In countries such as Australia [] and New Zealand, [] the Christian population are declining in both numbers and percentage. However, there are many charismatic movements that have become well established over large parts of the world, especially Africa, Latin America, and Asia.

Mary's University estimated about In most countries in the developed world, church attendance among people who continue to identify themselves as Christians has been falling over the last few decades.

There are numerous other countries, such as Cyprus, which although do not have an established church , still give official recognition and support to a specific Christian denomination.

Nations with Christianity as their state religion are in blue. Recently, neither Western or Eastern World Christianity has also stood out, for example, African-initiated churches.

However, there are other present [] and historical [] Christian groups that do not fit neatly into one of these primary categories.

There is a diversity of doctrines and liturgical practices among groups calling themselves Christian. These groups may vary ecclesiologically in their views on a classification of Christian denominations.

The Catholic Church consists of those particular churches , headed by bishops, in communion with the pope , the bishop of Rome, as its highest authority in matters of faith, morality, and Church governance.

The 2, sees [] are grouped into 24 particular autonomous Churches the largest of which being the Latin Church , each with its own distinct traditions regarding the liturgy and the administering of sacraments.

The Eastern Orthodox Church consists of those churches in communion with the patriarchal sees of the East, such as the Ecumenical Patriarch of Constantinople.

A number of conflicts with Western Christianity over questions of doctrine and authority culminated in the Great Schism.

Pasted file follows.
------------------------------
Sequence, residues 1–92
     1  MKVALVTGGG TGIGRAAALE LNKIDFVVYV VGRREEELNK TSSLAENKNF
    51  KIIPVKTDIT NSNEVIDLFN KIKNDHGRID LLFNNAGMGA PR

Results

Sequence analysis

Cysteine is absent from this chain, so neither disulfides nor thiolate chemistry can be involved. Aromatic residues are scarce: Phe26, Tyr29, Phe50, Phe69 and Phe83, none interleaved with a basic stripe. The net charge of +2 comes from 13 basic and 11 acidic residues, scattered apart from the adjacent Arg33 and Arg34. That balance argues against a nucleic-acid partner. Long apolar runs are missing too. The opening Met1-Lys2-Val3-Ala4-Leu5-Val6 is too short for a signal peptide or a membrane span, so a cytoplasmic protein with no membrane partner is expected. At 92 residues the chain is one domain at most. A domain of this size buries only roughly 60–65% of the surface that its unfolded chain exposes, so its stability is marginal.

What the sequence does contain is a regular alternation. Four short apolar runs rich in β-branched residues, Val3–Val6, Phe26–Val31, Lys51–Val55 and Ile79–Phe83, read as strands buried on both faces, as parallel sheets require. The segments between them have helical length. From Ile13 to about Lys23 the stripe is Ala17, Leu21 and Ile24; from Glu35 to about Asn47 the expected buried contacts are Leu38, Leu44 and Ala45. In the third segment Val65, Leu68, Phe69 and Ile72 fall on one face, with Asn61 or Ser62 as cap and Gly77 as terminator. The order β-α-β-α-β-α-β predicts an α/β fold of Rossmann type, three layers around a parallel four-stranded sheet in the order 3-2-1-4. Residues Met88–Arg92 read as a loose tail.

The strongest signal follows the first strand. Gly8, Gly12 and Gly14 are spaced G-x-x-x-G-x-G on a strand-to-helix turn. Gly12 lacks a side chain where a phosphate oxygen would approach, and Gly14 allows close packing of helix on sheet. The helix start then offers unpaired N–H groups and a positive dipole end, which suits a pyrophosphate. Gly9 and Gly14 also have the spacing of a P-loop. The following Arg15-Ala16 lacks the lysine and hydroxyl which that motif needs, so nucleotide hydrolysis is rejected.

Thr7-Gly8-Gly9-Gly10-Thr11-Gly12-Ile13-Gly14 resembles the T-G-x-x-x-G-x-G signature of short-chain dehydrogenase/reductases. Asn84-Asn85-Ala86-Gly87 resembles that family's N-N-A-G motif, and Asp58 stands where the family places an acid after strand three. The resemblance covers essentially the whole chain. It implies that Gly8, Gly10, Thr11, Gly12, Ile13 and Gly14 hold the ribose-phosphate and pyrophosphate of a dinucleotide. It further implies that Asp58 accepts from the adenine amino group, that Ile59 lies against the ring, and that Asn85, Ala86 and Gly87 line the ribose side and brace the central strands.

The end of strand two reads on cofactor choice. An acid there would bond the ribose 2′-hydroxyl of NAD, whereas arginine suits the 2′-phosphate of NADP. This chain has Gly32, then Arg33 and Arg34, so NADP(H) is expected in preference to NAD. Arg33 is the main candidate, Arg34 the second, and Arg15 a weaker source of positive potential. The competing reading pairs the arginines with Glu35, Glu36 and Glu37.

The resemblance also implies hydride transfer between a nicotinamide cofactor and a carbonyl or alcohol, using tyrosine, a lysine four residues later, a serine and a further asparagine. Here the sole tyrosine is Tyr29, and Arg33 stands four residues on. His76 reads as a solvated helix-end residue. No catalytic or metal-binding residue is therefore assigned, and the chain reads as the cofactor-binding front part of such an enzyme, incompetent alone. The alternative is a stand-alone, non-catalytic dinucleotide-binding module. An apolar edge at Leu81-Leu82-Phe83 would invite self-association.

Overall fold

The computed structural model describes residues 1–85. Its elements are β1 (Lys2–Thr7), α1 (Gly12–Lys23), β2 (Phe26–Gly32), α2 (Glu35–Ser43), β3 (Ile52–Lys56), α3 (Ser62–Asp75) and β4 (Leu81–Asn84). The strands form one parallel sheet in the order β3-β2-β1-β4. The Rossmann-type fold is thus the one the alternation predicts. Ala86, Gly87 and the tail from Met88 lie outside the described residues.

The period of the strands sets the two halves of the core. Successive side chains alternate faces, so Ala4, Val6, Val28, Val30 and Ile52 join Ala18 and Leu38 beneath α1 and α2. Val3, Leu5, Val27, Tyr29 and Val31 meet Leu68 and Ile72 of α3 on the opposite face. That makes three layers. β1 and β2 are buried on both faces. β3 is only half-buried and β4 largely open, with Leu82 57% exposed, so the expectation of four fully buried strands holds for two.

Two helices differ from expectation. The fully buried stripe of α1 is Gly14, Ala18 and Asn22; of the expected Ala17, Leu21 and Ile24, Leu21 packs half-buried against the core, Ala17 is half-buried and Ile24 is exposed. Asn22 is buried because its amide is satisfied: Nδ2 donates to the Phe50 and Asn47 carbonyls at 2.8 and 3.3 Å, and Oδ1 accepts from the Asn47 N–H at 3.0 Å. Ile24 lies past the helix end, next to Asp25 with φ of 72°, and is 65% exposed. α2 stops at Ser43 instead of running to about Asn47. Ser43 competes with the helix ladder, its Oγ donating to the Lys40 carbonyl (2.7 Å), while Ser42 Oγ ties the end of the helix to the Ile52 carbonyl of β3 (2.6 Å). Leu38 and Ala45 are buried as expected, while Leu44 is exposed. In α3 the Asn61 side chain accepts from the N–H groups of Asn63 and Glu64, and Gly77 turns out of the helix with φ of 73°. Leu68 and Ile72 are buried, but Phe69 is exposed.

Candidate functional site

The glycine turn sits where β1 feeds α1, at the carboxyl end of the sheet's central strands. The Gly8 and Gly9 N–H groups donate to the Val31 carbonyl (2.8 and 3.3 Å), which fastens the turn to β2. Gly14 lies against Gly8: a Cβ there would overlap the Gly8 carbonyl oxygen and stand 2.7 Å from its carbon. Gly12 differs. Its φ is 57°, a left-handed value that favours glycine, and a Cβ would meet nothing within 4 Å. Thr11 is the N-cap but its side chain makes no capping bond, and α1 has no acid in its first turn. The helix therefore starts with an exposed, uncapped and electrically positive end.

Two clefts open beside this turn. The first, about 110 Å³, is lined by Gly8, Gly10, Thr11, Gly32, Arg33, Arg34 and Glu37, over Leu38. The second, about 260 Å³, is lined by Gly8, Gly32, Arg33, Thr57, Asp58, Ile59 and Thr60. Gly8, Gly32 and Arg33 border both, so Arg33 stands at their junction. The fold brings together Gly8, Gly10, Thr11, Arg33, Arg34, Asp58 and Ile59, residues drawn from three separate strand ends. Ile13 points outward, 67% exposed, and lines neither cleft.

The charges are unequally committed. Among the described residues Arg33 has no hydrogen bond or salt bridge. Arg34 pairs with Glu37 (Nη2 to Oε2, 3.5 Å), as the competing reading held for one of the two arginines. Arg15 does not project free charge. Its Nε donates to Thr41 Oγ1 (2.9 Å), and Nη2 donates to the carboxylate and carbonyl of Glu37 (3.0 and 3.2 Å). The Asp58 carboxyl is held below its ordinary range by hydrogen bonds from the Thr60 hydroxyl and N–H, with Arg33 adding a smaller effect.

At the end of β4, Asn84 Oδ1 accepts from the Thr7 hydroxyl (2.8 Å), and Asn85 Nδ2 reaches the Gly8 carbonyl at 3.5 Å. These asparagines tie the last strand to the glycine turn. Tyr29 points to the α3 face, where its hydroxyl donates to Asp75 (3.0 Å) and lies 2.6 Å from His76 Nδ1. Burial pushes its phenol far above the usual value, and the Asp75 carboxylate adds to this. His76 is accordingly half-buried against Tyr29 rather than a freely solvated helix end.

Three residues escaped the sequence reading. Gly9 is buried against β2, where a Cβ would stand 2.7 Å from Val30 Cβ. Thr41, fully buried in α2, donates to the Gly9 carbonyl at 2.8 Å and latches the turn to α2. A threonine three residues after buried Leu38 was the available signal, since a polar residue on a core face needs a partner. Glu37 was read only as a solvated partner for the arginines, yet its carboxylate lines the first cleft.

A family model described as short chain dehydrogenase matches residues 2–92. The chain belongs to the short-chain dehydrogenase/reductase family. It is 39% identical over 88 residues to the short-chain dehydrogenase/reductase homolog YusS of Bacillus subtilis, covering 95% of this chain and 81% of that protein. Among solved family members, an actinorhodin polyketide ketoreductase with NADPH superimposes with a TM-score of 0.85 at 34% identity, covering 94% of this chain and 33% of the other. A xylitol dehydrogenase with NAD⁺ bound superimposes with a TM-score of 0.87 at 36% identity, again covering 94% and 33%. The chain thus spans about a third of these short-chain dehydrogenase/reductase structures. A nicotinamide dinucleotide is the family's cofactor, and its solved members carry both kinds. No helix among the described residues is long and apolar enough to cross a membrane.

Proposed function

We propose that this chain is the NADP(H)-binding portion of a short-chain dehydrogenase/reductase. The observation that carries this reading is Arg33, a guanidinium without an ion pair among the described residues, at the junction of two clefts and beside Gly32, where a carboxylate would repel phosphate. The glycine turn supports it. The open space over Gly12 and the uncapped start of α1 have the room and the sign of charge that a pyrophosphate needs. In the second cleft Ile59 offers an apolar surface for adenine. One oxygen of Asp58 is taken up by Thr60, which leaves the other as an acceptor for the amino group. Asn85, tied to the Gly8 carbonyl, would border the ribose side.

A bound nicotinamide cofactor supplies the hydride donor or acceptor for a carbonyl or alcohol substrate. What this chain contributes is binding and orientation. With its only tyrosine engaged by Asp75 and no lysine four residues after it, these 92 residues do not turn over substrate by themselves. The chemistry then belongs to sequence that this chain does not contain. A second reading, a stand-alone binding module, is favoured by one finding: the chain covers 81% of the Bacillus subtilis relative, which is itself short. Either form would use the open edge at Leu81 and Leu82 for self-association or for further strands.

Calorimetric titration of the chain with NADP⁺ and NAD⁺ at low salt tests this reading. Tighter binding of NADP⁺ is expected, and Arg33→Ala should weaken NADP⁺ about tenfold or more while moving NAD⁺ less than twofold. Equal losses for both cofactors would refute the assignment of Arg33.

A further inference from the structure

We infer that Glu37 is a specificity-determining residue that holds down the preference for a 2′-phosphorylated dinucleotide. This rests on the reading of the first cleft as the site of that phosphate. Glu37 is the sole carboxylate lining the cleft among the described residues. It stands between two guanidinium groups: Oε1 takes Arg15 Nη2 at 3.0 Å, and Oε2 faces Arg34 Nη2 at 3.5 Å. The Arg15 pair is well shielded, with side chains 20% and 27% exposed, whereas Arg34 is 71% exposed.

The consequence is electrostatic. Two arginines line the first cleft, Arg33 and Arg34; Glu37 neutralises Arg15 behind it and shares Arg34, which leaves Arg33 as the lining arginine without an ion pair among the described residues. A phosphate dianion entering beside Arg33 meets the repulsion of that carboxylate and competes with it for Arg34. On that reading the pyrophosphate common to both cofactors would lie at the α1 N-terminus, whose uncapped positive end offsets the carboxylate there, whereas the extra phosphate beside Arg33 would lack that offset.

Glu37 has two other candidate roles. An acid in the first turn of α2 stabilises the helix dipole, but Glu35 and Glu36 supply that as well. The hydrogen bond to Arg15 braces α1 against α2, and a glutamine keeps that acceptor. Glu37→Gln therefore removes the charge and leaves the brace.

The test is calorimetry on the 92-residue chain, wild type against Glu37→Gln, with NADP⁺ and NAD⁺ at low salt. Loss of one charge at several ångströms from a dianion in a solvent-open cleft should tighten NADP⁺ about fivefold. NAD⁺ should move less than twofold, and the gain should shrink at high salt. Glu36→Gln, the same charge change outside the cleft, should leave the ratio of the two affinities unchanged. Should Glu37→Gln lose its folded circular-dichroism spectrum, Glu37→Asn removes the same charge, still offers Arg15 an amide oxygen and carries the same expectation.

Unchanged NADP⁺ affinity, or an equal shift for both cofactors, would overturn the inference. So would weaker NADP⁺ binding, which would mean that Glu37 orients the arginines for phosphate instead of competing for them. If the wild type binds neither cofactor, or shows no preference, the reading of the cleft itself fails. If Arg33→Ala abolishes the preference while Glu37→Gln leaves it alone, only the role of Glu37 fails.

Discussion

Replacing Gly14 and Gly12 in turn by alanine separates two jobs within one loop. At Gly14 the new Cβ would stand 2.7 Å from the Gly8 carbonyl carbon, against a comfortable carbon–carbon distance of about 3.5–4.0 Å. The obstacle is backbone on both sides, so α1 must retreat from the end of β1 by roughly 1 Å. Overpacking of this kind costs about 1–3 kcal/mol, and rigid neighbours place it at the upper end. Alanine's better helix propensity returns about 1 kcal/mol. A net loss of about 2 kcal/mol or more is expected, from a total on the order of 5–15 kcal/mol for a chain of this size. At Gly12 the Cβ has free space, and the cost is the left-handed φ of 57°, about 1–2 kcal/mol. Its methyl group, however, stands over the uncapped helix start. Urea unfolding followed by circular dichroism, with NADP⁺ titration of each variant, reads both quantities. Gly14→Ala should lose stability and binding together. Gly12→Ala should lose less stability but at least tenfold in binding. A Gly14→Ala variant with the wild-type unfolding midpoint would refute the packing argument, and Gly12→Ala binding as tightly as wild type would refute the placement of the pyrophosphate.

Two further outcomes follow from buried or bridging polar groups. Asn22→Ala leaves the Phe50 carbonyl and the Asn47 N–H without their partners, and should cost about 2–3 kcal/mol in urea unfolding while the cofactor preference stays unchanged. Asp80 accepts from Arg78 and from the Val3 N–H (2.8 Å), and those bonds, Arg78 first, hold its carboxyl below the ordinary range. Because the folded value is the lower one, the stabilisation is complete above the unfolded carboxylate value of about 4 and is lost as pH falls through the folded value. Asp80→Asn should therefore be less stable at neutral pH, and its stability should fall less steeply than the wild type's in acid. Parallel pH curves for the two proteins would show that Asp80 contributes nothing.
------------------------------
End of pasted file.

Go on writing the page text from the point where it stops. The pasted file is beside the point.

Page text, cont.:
Eastern Orthodoxy is the second largest single denomination in Christianity, with an estimated million adherents, although Protestants collectively outnumber them, substantially.

The Oriental Orthodox Churches also called "Old Oriental" churches are those eastern churches that recognize the first three ecumenical councils— Nicaea , Constantinople , and Ephesus —but reject the dogmatic definitions of the Council of Chalcedon and instead espouse a Miaphysite christology.

The Assyrian Church of the East , with an unbroken patriarchate established in the 17th century, is an independent Eastern Christian denomination which claims continuity from the Church of the East —in parallel to the Catholic patriarchate established in the 16th century that evolved into the Chaldean Catholic Church , an Eastern Catholic church in full communion with the Pope.

It is an Eastern Christian church that follows the traditional christology and ecclesiology of the historical Church of the East. Largely aniconic and not in communion with any other church, it belongs to the eastern branch of Syriac Christianity , and uses the East Syriac Rite in its liturgy.

Its main spoken language is Syriac , a dialect of Eastern Aramaic , and the majority of its adherents are ethnic Assyrians.

It is officially headquartered in the city of Erbil in northern Iraqi Kurdistan , and its original area also spreads into south-eastern Turkey and north-western Iran, corresponding to ancient Assyria.

Its hierarchy is composed of metropolitan bishops and diocesan bishops , while lower clergy consists of priests and deacons , who serve in dioceses eparchies and parishes throughout the Middle East, India, North America, Oceania, and Europe including the Caucasus and Russia.

It is one of the Assyrian churches that claim continuity with the historical Patriarchate of Seleucia-Ctesiphon —the Church of the East, one of the oldest Christian churches in Mesopotamia.

In , the Edict of Worms condemned Martin Luther and officially banned citizens of the Holy Roman Empire from defending or propagating his ideas.

The Protestation at Speyer against being excommunicated gave this party the name Protestantism. Luther's primary theological heirs are known as Lutherans.

Zwingli and Calvin's heirs are far broader denominationally, and are referred to as the Reformed tradition. Some, but not all Anglicans consider themselves both Protestant and Catholic.

Since the Anglican, Lutheran, and the Reformed branches of Protestantism originated for the most part in cooperation with the government, these movements are termed the " Magisterial Reformation ".